Posted in Body/physical healing, Health/wellness, Life, Prayer/healing

Put more weight on your spiritual side

Spiritual sense is the discernment of spiritual good.

We don’t hear the words “spiritual sense” used too often, but spiritual sense is essential to our peace and wellbeing. Spiritual sense is how we perceive beauty, goodness, love, affection, tenderness, satisfaction, and fulfillment.  These are spiritual qualities and because we are ultimately spiritual beings we have the capacity to use, see, and feel them now.

Spiritual sense is a conscious, constant capacity to understand God.

Spiritual sense is how we perceive the divine nature. It’s how we perceive the transcendent reality that is above the physical, material senses. This is important because everyone wants lives that reflect peace, health, wellbeing, and satisfaction. Gaining a daily dose of spiritual sense helps us have a consciousness that is uplifted and receptive to perceiving peace and wellbeing.

Spiritual sense, contradicting the material senses, involves intuition, hope, faith, understanding, fruition, reality.

When a consciousness that is imbued with spiritual sense reflects on the body, it manifests health, holiness, and wellbeing. Why is this so important? Because thinking and living with our spiritual sense releases anxiety, fear, and stress. It assures us of our oneness with God, divine Life, Truth, and Love. It shows us that we can never be separated from that Love no matter what the physical senses say. And as we hold to the spiritual fact, the wisdom, confidence, and courage that our spiritual sense communicates will take over. As we believe God more, and believe in physicality less, we tip our mental and spiritual scale. This allows God to tip the scale on the side of the divine and it brings blessings, healing, happiness, wholeness, and peace in our lives.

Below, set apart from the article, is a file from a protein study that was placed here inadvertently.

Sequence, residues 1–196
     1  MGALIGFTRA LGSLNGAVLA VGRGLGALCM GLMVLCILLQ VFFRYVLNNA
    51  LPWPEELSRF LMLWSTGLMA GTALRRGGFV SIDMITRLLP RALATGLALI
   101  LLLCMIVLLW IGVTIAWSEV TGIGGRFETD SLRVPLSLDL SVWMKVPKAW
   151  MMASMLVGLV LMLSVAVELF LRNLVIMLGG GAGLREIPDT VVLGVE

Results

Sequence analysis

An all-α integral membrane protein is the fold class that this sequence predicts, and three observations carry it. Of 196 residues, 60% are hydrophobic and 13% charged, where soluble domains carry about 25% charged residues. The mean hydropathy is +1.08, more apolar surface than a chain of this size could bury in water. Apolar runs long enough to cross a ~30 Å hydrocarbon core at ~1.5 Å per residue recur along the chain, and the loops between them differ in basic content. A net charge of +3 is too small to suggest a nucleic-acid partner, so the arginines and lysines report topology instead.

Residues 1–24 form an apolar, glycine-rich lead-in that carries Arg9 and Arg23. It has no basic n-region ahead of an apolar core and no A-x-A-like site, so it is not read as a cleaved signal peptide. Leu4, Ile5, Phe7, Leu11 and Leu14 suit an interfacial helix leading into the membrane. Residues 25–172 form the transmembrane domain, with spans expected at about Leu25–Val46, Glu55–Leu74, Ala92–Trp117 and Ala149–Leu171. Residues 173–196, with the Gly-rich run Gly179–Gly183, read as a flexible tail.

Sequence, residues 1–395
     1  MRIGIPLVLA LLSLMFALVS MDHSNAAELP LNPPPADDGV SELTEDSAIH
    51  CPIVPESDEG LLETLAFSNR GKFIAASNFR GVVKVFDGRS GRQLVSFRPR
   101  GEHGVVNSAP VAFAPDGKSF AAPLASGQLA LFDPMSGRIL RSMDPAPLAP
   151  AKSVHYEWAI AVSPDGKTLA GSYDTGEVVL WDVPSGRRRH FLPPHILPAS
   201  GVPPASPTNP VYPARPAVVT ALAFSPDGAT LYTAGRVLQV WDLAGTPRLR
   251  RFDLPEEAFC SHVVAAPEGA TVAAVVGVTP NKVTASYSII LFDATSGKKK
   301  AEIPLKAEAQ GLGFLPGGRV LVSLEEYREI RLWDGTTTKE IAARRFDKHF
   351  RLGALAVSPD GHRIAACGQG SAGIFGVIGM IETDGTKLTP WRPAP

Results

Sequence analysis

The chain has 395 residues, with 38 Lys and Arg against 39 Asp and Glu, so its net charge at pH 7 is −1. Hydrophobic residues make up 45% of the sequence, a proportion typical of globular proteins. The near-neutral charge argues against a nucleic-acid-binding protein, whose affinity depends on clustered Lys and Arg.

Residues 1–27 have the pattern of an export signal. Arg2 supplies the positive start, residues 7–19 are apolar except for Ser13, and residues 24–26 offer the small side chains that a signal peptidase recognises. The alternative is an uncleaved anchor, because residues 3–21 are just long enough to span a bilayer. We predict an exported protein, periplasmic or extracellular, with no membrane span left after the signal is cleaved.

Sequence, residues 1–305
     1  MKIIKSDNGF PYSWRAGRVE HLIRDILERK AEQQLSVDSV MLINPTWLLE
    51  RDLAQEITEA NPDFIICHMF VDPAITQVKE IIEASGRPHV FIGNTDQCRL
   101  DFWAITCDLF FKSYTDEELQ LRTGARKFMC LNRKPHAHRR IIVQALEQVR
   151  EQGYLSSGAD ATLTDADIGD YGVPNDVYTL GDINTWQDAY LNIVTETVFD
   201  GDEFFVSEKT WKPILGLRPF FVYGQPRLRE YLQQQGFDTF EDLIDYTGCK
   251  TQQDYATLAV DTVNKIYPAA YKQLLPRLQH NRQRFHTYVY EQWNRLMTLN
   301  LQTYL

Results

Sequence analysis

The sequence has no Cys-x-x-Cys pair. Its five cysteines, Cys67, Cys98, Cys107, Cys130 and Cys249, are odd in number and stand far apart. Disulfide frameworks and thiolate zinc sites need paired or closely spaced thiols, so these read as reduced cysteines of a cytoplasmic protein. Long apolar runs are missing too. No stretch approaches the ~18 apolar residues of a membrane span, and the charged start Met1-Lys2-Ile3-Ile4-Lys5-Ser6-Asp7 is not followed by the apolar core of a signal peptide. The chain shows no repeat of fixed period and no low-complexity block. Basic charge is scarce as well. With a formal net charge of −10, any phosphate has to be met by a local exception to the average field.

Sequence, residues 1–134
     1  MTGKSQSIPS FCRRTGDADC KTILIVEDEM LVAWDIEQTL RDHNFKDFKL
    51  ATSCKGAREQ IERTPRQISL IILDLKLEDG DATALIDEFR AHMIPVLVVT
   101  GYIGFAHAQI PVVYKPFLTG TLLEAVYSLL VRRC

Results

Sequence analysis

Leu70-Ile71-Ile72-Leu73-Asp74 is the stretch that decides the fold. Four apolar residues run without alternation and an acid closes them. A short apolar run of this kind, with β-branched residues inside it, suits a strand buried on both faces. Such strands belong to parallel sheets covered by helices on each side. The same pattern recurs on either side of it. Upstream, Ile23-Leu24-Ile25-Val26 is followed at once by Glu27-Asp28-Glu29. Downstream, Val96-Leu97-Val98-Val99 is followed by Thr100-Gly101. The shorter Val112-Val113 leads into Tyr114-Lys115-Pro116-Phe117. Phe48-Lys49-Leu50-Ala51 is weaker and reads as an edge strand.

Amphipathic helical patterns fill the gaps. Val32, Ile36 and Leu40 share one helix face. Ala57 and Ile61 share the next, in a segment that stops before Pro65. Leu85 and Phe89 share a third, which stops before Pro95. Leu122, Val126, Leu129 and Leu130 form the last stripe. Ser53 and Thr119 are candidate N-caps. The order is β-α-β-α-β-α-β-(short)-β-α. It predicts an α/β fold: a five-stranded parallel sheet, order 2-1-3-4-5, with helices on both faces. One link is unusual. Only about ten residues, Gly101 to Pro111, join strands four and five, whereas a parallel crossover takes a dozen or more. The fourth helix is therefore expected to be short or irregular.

Material sense does not unfold the facts of existence; but spiritual sense lifts human consciousness into eternal Truth.

All quotes in the quote boxes are by Mary Baker Eddy. You can read her seminal work, Science and Health with Key to the Scriptures, here.

Photo from Pixabay.

Posted in Future/stability/security, Health/wellness, Mental health/wellness

Clarity heals depression

Several years ago, I felt depressed and alone. I didn’t want my boyfriend at the time to leave my side (which of course added strain to the relationship). But one night when he had other plans, I was left alone wallowing in this deep depression.

I sat in bed crying and crying. I couldn’t go to sleep or do anything else, it seemed. I reached out in prayer (I had just been learning how to pray, although this was going to be a simple and desperate prayer).

“God, help me”.

The next moment I heard these words “you don’t have to be tempted by this.”

Well, in that instant, a light went on in consciousness. I was completely healed. I rolled over and went to sleep.

What I learned in that moment was this: thoughts of negativity (sadness, hatred, depression, etc) are unsolicited thoughts. They exist outside of us and are never within us. We can defeat them by simply recognizing who we are as the spiritual, beloved children of God.

Even though these negative thoughts seem to be prevalent, they have no actual power or life because they don’t originate in God, good (the only, true power). Through God’s help you can defeat them, like I was able to do in that moment of clarity.

Do you have an experience of spiritual, mental clarity that is meaningful to you that you’d like to share?

Posted in Childlike, Guest blogs/reposts, Health/wellness, Mental health/wellness, Parenting/Father Mother God

Reblog: Grateful teens

from CSMonitor.com

It’s not about the money.

A recent study focused on the effect of gratitude on teenagers. There are a lot of reasons teens are grateful. And being rich isn’t necessarily one of them. Similarly, there are plenty of reasons teens might act as if they had a gratitude deficit. Being poor doesn’t necessarily seem to be one of them.

The study suggests that regardless of a teenager’s socioeconomic background, he or she can experience the benefits of a grateful heart, including the benefit of better mental health. Through a few changes in outlook, attitude, and behavior, he or she can make big gains on the gratitude front. Teens who are the most grateful find a number of benefits multiplying. Such as? Things like improved academic performance, a sense of purpose, more hope, and more happiness. As these take root, they grow more common to a teen’s outlook and more natural to his or her life. On the flip side, things like hopelessness or depression – which are at times linked to suicide in teens – grow less prevalent. Read more